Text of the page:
Finally, collaborative research and collaborative writing can be something that you incorporate into your course. Generally, this isn’t something I’ve seen built into MOOCs, but rather it’s a happy by-product of massive open online collaborations that occur in a MOOC. In MOOCs I’ve discovered individuals whose research interests follow or complement my own, so we’ve had very successful post-MOOC research collaborations.  Two of these great individuals are fellow co-authors such as Inge de Waard and Rebecca Hogue. These types of collaborations are great because not only do you get to learn more about a specific subject by collaboratively researching about it, you also get to attain new levels of understanding by working with people who know something about things you don’t. These types of peer scaffolding can be seen through the lens of Vygotsky’s More Knowledgeable Other (Vygotsky, 1978).

In the recent Video Games and Learning MOOC on coursera Steinkuhler and Squire asked participants in the MOOC to contribute to a project called the Playful Learning database. Collaborative research doesn’t have to be about papers. Rather, a group of students in a course can contribute to project like Playful Learning or wikipedia by picking topics that are related to the class they are in, but also intersect topics that they are interested in.

Again, this is not necessarily an option in all courses, but in upper level undergraduate courses and graduate courses it’s a interesting thing to think about adding into your course. One of the biggest things that I hear students complain a lot about is group work, and research isn’t something that is neatly tied together in one semester’s time, or fits 100% with the content of the course. How does one balance academic schedules and people’s dislike of group work?  Perhaps certain incentives like being able to publish in a peer reviewed journal that only accepts collaborative research could be an option.  Or, perhaps offering local or regional conferences for students to present their work among peers and established researchers. Of course, there is always the possibility that students will feel good about contributing to something that they are passionate about, like a wikipedia article on their favorite movie, television show, or video game.  There is no one answer to the “what’s in it for me?” question. 

Conclusion

In this last series of articles we examined some techniques and tools used in the world of MOOCs to drive student learning and engagement. These tools and techniques don’t necessarily need stay segregated in the world of MOOCs, but we can learn from them and adapt them into our traditional online courses. With some solid instructional design, and a little imagination, materials and tools such as OER, digital badges (part 1 of this series), easter eggs, blogging and tweeting;  and techniques such as peer grading (part 1 of this series), open communities and collaborative writing have the potential to enhance what goes on in a traditional online course. This is by no means an exhaustive list of things we can learn from MOOCs, and I am sure that as time progresses we will have more that we can borrow from them. One thing is for certain: watch the MOOC space, and keep an open mind.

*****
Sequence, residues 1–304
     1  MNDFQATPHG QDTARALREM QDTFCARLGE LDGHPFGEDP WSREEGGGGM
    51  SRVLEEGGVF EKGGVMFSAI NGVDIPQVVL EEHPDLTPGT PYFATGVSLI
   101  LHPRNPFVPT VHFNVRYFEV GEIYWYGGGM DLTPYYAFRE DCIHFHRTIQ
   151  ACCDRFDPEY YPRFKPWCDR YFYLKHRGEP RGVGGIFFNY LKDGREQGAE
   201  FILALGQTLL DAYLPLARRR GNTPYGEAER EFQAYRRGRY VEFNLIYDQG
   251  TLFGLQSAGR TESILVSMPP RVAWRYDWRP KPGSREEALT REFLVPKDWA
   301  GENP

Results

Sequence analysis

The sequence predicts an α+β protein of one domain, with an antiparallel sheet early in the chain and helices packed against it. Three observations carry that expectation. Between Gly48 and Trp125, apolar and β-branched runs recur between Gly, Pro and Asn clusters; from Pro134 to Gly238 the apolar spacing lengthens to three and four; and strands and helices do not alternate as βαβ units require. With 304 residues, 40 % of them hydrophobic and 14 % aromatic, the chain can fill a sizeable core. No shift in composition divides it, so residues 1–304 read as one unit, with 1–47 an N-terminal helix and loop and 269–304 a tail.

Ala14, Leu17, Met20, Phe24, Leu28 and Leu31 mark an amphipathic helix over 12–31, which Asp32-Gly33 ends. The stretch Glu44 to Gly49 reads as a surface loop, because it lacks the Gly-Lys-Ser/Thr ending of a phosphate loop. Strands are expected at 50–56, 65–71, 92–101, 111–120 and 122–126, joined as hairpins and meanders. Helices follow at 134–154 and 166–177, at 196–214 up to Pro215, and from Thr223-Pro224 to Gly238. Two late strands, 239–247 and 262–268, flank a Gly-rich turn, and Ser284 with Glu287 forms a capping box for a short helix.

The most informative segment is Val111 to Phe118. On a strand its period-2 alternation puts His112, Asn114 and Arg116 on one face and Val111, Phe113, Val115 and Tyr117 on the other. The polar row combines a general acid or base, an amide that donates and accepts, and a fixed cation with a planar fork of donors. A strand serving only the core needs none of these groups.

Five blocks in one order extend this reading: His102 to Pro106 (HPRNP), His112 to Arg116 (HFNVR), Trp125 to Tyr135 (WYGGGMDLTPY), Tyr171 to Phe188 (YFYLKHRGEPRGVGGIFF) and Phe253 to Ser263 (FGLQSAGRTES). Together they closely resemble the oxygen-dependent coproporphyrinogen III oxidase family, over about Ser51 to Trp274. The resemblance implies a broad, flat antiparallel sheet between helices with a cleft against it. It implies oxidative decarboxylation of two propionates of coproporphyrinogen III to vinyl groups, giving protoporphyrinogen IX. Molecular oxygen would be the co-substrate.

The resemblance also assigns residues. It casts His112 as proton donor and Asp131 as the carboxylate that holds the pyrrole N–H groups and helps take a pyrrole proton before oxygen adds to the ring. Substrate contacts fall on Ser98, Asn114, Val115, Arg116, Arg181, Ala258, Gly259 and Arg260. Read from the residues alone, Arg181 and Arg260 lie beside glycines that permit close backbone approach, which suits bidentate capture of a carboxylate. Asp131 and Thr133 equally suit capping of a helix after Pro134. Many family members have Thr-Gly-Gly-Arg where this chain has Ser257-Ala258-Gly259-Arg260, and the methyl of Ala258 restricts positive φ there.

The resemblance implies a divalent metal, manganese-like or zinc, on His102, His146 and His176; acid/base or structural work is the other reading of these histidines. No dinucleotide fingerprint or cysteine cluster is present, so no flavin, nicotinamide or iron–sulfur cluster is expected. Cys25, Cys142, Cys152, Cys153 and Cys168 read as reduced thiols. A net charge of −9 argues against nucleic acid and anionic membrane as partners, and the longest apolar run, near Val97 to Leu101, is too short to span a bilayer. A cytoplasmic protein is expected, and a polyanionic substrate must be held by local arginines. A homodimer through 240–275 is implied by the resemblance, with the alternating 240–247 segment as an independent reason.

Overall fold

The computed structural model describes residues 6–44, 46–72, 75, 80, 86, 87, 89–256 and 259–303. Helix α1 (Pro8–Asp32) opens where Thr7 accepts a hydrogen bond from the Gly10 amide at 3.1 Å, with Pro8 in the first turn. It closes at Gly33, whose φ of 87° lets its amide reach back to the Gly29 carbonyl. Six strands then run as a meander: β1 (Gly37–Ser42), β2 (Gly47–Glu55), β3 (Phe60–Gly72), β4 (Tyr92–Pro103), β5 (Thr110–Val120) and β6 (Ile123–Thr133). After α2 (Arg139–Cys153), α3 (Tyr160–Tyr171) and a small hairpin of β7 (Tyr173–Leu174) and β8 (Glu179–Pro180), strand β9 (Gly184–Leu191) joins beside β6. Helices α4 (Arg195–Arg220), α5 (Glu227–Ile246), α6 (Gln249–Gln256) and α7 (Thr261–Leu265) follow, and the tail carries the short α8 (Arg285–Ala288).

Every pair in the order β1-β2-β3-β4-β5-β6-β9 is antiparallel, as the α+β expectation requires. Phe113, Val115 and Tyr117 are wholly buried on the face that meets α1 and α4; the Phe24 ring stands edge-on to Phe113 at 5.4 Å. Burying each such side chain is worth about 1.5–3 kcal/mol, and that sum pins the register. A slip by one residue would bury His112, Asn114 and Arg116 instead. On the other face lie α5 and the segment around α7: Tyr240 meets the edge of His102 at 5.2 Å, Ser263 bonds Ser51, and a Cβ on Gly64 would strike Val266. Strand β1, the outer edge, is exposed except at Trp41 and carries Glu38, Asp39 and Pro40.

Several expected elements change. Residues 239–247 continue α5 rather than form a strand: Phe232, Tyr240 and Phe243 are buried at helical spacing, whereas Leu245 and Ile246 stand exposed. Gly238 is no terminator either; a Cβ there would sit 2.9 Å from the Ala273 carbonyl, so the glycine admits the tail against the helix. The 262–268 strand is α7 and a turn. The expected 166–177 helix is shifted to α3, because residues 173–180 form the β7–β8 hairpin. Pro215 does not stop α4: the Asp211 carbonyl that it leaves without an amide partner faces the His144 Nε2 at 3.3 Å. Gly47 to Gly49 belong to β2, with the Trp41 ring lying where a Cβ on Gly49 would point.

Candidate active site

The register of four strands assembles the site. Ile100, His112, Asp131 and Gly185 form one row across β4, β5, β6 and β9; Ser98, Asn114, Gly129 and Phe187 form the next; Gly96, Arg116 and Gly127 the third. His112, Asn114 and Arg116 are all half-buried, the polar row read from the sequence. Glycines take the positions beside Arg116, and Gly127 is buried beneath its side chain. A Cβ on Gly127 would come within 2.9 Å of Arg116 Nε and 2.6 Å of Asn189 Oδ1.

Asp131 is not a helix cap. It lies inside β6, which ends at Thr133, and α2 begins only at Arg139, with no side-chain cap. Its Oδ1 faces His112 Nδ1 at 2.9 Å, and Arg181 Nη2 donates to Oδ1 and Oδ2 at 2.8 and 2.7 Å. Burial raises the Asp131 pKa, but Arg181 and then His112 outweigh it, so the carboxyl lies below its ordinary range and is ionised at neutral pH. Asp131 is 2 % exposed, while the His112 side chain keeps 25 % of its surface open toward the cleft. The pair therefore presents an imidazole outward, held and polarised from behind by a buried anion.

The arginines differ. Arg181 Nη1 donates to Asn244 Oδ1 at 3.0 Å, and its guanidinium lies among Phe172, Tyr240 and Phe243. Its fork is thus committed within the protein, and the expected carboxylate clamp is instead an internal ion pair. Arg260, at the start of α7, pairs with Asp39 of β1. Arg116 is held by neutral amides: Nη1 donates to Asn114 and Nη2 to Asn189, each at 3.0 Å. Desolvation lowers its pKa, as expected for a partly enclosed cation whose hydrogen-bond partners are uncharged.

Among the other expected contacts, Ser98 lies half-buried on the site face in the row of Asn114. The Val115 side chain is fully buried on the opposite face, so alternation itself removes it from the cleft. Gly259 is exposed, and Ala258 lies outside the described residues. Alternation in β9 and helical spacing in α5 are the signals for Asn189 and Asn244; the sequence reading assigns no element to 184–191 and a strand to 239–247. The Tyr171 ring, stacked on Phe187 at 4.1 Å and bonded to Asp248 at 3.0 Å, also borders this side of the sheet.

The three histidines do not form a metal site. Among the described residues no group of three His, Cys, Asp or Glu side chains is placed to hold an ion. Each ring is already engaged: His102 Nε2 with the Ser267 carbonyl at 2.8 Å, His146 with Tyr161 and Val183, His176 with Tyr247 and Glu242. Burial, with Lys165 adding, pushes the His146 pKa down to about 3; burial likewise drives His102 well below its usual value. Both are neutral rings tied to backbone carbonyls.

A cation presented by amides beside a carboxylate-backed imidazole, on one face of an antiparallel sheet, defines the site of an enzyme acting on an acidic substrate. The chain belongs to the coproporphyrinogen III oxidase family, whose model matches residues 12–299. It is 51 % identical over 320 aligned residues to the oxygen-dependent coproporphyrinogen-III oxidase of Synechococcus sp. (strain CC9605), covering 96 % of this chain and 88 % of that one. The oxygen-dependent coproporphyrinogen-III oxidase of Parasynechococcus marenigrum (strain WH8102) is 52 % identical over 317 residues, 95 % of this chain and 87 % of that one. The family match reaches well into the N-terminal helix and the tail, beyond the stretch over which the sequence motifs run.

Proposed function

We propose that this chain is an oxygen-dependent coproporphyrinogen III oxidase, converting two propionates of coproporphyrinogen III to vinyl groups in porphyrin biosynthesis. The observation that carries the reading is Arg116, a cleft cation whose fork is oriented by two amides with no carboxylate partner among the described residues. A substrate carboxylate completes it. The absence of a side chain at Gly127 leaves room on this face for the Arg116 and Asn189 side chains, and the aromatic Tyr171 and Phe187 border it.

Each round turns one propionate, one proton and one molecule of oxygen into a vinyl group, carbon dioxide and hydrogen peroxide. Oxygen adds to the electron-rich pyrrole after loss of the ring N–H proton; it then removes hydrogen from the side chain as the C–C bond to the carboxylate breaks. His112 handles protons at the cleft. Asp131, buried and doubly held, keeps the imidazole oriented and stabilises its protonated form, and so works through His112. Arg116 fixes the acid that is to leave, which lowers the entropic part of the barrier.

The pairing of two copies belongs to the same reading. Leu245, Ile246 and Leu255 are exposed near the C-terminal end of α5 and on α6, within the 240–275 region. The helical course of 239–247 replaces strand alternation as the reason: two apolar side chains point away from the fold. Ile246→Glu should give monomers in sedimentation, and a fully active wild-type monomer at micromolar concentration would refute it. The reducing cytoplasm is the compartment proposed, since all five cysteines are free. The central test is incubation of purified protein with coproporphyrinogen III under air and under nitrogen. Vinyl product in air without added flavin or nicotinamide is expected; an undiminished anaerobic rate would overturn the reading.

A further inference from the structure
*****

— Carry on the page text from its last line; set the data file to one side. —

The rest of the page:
References:
     Anderson, T. Rourke, L., Garrison, D.  R., & Archer, W. (2001). Assessing teaching presence in a computer conferencing context. Journal of Asynchronous Learning Networks, 5(2), 1-17.
     Elavsky, C. M., Mislan, C., Elavsky, S. (2011). When talking less is more: exploring outcomes of Twitter usage in the large-lecture hall. Learning, Media and Technology. 36(3). pp 215-233. DOI:10.1080/17439884.2010.549828
     Kolowich, S. (2013). Georgia Tech and Coursera Try to Recover From MOOC Stumble. Retrieved from: http://chronicle.com/blogs/wiredcampus/georgia-tech-and-coursera-try-to-recover-from-mooc-stumble
     Smith, K. (2009). The Twitter Experiment - Twitter in the Classroom. Retrieved from: http://www.youtube.com/watch?v=6WPVWDkF7U8
     Vygotsky, L. S. (1978). Mind in Society. Harvard University Press.

Links:
     Easter Egg Wikipedia: http://en.wikipedia.org/wiki/Easter_egg_(media)
     EC&I: http://eci831.ca/
     Gamification [Coursera / Werbach / UPenn]: https://www.coursera.org/course/gamification
     gRSShopper: http://grsshopper.downes.ca/
     E-learning and Digital Cultures [Coursera / Knox; Saybe; Ross; Sinclair; Macleod / U of Edinburg]: https://class.coursera.org/edc-002/class
     Open Badge Initiative: http://openbadges.org/
     Playful Learning: http://beta.playfullearning.com/
     Video Games and Learning [Coursera / Steinkuhler & Squire / UW Wisconsin]: https://class.coursera.org/videogameslearning-001/class/index